“Jesus wept.” (John 11:35)
These two words show Jesus cutting to the heart of humanity. This shortest verse in the Bible points us to Christ’s humanity and empathy. As parents, grandparents, pastors, teachers, neighbors, aunts, uncles and friends, have you considered how these two weighty words seek to minister to the heart of children?
Jesus wept alongside Martha and Mary when he came upon Lazarus, who had died. Christ knew that he would, in mere moments, raise Lazarus from the dead. He also knew that death, for the faithful, is a blessing. Yet he did not meet the grieving with cold knowledge, but with emotion. His shedding of tears showed Martha, Mary and the others present that they were not alone in their grief.
Children, too, experience grief and loss. Perhaps it’s the loss of a pet, or maybe the loss of a loved one. How can we take on Christ’s model of caring, empathy and sympathy as we speak to children about grief and loss? Here are a couple of suggestions.
Use simple, concrete words when you explain tough situations that involve grief and loss, especially with young children. Each situation of loss looks different and children will grasp grief in their own way. You may explain to a 5 year old that Grandma has died. Then, they simply walk away and play with their toys again seeming completely untouched by the news. It may not be until weeks later as they are crying into their peanut butter and jelly sandwich that you realize that this is what grief looks like for them. Invite them to ask questions and offer answers from the scriptures, and keep the conversation brief, concrete and factual. Avoid sharing too many details that may be confusing or disturbing to a child.
Remember that heartache doesn’t only mean weeping. Grief in the life of a child may manifest as anger, bullying, a loss of appetite, defiance, anxiety, loss of interest in things they typically enjoy, as well as in tears. Be sensitive to these behaviors and come alongside children in their grief.
Grief in the life of a child may manifest as anger, bullying, a loss of appetite, defiance, anxiety, loss of interest in things they typically enjoy, as well as in tears.
Model for your child and for children around you what grieving with hope looks like. Share stories about the loved one who died. If the person was in Christ, rejoice in the hope of heaven that we will see them again. Share the hope of heaven with a child using a simple gospel illustration such as the three circles.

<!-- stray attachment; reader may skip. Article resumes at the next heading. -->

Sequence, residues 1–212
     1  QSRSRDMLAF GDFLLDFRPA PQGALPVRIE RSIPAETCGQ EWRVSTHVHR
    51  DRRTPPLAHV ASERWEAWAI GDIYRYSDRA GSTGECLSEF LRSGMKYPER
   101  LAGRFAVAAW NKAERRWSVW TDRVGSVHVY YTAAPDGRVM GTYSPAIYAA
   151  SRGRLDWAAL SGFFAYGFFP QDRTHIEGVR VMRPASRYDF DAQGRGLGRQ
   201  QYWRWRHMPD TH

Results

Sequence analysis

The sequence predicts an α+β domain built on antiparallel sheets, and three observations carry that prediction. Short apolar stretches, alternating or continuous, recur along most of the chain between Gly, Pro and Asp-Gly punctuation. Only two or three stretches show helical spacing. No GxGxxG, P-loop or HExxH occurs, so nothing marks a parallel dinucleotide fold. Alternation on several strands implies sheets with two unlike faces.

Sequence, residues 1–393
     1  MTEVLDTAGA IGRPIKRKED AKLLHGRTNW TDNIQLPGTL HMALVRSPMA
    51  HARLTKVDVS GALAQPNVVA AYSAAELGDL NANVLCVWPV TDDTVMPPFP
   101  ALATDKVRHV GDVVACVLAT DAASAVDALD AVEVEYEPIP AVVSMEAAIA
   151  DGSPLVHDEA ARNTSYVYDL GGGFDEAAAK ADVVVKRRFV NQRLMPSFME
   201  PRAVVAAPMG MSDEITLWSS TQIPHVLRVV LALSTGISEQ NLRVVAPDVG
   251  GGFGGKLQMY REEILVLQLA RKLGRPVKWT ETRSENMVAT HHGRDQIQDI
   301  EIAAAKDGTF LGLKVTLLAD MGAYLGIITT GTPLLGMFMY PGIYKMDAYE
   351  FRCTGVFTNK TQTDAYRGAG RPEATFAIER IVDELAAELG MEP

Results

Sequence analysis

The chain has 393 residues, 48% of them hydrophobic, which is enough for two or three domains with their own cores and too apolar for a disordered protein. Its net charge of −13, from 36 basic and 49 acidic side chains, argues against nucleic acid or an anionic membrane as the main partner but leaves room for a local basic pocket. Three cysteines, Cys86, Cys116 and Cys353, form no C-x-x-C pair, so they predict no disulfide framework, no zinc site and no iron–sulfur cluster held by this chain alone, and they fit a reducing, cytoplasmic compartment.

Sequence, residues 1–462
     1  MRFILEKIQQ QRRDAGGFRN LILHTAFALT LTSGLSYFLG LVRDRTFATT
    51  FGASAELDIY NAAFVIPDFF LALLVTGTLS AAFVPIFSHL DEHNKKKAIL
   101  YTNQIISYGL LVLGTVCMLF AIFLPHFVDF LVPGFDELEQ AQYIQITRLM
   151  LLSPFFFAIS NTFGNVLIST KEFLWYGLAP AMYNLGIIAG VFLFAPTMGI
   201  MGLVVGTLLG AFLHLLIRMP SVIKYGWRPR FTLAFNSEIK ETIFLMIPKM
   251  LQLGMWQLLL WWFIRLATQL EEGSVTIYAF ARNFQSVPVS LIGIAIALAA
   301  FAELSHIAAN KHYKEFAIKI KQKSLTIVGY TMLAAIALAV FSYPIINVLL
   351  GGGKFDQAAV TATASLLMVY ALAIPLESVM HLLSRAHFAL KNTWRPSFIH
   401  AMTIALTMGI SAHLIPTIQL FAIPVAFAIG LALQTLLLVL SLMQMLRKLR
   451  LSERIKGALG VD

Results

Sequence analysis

For children, the opportunities to have conversations about hope or to talk through how they are feeling about the loss come most naturally through play. Set aside time to build a block tower or color a picture together with your child, and invite them to share openly with you.
The assurance of Christ’s sacrifice at Calvary is what points us to heaven and the joy-filled reunion we will have with those who are Christ followers. We know Christ’s character is trustworthy and true. Show your children what it means to turn our hearts towards heaven. Encourage them with gospel-saturated truths from the scriptures, and help point their eyes towards heaven as you address their tears and pain.
JC Ryle in his sermon to children entitled, No More Crying reminds us, “Beloved children, remember my parting words. The way to get through the world with the least possible crying is to read the Bible, believe the Bible, pray over the Bible, and live by the Bible.”
As we witness Jesus greet the grieving in John 11, we gain a glimpse into his compassion towards the brokenhearted. Our Savior modeled for us how we can walk alongside the broken by bearing one another’s burdens through caring, empathy, and sympathy. Consider how you can live out these traits as you comfort suffering little ones.
Recommended resources on addressing grief and loss with children:
- Answering Your Kids Toughest Questions (Bethany House, 2014) by Elise Fitzpatrick and Jessica Thompson
- Talk Now and Later (Salubris Resources, 2015) by Brian Dollar
- Let’s Talk About Heaven (Chariot Victor Pub, 1998) by Debby Anderson
- Someday Heaven (Zonderkidz, 2001) by Larry Libby
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